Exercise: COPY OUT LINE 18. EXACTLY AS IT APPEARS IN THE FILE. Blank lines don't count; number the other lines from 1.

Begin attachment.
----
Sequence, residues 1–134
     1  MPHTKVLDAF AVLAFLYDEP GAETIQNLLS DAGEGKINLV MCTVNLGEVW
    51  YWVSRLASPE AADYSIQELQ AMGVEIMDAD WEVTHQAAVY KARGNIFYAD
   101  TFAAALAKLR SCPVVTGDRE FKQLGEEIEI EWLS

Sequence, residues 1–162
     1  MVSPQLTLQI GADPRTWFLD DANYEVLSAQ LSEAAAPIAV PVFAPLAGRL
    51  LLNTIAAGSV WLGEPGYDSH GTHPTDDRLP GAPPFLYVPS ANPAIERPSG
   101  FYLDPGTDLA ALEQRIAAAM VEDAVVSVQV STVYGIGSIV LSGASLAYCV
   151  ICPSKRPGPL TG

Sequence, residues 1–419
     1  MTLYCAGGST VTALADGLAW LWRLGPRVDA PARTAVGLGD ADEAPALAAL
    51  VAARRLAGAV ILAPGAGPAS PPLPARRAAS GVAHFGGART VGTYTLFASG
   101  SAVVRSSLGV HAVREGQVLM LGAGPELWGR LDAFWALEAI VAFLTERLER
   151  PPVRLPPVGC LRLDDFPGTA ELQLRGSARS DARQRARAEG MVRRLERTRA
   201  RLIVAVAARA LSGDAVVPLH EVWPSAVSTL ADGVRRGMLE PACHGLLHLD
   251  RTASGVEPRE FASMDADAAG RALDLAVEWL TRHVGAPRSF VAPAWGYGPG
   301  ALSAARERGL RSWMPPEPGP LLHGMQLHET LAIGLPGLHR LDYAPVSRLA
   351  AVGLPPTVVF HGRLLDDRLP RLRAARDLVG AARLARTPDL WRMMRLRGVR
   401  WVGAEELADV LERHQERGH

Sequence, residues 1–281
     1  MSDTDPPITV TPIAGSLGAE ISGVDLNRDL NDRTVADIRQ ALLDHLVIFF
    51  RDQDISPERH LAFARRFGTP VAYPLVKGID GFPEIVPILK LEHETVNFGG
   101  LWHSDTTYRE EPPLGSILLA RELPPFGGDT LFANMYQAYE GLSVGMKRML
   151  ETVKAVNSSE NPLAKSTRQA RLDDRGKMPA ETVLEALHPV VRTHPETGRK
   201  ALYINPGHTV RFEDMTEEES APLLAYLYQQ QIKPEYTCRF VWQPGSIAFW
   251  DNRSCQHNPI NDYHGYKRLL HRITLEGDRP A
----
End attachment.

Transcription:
   351  AVGLPPTVVF HGRLLDDRLP RLRAARDLVG AARLARTPDL WRMMRLRGVR